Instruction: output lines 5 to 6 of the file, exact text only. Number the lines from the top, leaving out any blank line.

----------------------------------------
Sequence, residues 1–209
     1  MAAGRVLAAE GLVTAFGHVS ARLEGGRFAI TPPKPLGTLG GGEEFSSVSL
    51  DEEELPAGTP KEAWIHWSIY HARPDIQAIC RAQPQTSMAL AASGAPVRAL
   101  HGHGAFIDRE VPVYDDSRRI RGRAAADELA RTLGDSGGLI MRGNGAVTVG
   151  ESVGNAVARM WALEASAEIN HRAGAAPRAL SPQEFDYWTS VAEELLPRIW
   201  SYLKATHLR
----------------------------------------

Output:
   151  ESVGNAVARM WALEASAEIN HRAGAAPRAL SPQEFDYWTS VAEELLPRIW
   201  SYLKATHLR